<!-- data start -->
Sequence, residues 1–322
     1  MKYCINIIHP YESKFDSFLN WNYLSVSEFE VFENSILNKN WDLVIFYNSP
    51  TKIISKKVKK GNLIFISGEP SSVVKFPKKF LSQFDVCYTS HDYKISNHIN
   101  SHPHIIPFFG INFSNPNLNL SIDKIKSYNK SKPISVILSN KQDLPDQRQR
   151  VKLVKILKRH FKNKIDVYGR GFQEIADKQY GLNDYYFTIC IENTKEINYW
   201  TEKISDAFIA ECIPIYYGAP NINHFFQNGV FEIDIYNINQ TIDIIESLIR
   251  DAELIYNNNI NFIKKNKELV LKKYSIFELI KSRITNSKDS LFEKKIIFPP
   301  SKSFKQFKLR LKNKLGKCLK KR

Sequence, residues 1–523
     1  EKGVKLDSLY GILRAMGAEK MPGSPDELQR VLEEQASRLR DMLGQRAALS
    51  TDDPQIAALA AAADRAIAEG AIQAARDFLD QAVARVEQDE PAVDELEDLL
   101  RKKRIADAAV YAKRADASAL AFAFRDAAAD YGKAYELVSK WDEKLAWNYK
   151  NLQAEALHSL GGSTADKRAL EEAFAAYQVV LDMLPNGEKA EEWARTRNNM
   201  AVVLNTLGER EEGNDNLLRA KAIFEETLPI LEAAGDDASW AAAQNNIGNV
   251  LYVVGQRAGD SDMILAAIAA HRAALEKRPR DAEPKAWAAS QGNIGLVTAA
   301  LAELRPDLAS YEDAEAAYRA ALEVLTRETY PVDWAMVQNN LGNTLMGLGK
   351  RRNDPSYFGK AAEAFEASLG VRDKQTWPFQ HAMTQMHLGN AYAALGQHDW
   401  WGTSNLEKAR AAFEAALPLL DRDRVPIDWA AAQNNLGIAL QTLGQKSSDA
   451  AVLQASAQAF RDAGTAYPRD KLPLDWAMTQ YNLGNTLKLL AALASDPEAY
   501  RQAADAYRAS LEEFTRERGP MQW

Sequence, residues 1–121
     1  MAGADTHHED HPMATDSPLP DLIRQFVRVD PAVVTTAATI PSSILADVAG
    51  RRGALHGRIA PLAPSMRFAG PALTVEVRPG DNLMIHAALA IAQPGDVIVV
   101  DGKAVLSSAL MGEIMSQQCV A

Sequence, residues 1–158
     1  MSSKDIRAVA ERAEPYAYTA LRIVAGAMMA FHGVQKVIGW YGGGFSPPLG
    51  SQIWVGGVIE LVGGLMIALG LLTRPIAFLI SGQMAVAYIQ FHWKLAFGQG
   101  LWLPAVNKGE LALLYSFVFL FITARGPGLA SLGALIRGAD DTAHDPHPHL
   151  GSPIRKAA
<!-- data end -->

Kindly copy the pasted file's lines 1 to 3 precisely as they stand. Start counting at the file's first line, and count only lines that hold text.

Sequence, residues 1–322
     1  MKYCINIIHP YESKFDSFLN WNYLSVSEFE VFENSILNKN WDLVIFYNSP
    51  TKIISKKVKK GNLIFISGEP SSVVKFPKKF LSQFDVCYTS HDYKISNHIN